Category Archives: Viruses

Feline Parvovirus

The feline parvovirus causes a devastating disease known as distemper or panleukopenia. Although the feline version shares the same name as the one that affects their canine counterparts, the two conditions aren’t the same. They aren’t caused by the same virus and can’t be passed between the two types of pets. Parvo is a virus that can easily be kept

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Feline Enteritis

Enteritis in cats is a very serious disease. It’s often referred to as distemper, which is a disease that dogs commonly get. However, feline enteritis isn’t the same. A common other name for the condition is panleukopenia. This disease normally strikes kittens younger than six months old. However, older cats also have a relatively increased risk of developing it. Older

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Feline Rhinotracheitis

The herpes virus causes many problems for your cat, with one of them being the development of rhinotracheitis. This condition mainly causes upper respiratory infections in your cat, and can also lead to eye problems like conjunctivitis. Feline rhinotracheitis is mainly a problem for young kittens. However, young ones can harbor the virus for years without showing an outward signs

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Feline Rabies

As far as viruses go, the one that causes feline rabies is one of the most well-known. There is no way to treat rabid cats or any type of animal, so they’ll eventually pass away after the disease progresses. Many different types of animals can harbor the virus that causes rabies in cats like foxes, bats, and raccoons. If one

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Feline Aids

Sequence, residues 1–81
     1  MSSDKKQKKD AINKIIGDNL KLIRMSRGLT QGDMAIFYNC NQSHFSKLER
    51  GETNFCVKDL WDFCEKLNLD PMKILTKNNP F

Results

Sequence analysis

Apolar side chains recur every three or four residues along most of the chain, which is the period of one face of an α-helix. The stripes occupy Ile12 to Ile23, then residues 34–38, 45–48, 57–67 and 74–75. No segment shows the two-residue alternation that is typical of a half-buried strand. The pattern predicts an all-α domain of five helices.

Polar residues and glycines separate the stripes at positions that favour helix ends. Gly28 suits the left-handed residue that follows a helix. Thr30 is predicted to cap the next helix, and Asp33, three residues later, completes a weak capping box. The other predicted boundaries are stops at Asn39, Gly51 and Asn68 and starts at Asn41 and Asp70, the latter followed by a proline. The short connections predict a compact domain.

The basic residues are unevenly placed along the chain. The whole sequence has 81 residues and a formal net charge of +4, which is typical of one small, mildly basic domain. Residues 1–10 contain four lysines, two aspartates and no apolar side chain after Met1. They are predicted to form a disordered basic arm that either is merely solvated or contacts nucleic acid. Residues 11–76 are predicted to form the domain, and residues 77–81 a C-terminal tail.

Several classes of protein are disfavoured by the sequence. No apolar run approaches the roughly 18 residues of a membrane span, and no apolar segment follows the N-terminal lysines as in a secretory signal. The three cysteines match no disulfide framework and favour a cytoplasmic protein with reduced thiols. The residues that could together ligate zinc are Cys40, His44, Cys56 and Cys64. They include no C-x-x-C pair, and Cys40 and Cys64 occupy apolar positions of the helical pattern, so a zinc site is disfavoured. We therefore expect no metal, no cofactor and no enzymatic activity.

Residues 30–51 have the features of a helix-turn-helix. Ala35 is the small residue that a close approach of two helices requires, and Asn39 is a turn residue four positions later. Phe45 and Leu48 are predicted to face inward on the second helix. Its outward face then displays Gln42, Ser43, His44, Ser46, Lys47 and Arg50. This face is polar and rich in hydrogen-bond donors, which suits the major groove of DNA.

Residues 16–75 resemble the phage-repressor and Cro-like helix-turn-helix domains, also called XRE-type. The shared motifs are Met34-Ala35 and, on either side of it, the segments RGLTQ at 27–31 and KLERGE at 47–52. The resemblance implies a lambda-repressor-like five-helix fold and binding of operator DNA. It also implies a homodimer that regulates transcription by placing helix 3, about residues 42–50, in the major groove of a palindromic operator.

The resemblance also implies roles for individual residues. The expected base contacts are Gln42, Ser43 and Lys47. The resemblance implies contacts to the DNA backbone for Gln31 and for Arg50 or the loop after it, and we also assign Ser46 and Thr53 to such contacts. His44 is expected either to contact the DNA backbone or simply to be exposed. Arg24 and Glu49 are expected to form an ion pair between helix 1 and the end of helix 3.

Aids in cats is commonly referred to as HIV or immunodeficiency virus. Whatever it’s called, the disease is one of the most serious since cats die from it. Infected cats spread feline aids through their saliva whenever they bite another cat. Although it’s very rare, a mother may also pass the disease to her kittens during birth. Feline aids, or

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Feline Anemia

Blood is made up of various types of cells, with red blood cells responsible for transporting oxygen. Without enough of these cells circulating throughout the body, oxygen won’t make its way to various areas. This is known as feline anemia, and it is an important sign that some underlying disease or condition is affecting your cat. Anemia in cats can

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Feline Panleukopenia

Feline panleukopenia, commonly referred to as distemper, is caused by a highly contagious virus. The disease, which can easily be fatal, destroys the white blood cells and damages the lining of the intestines and stomach. Since white blood cells help fight infections, this disease leaves your cat at risk for various other conditions. Transmission The virus that causes panleukopenia in

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Feline Coronavirus

The feline coronavirus commonly affects cats. It usually causes mild to no symptoms and the cat is able to fight the virus off successfully. However, some cats go on to develop feline infectious peritonitis, a disease which is very deadly. Transmission The coronavirus in cats is spread via saliva. An infected cat can spread the disease to other unvaccinated cats

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Feline Leukemia Virus

The feline leukemia virus is a disease that attacks your cat’s white blood cells. Many cats that contract that virus are able to build an immunity to it. However, young kittens and sick cats with a weakened immune system can easily die from an infection. Transmission The feline leukemia virus is mostly shed in secretions from the nose and mouth.

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Feline Immunodeficiency Virus

Like its name suggests, the feline immunodeficiency virus attacks your cat’s immune system. It weakens the system and prevents it from eliminating various diseases it normally would be able to. Transmission The immunodeficiency virus in cats is usually transmitted due to biting. Infected mothers can also pass the virus along to her kittens. The kittens can get the virus by

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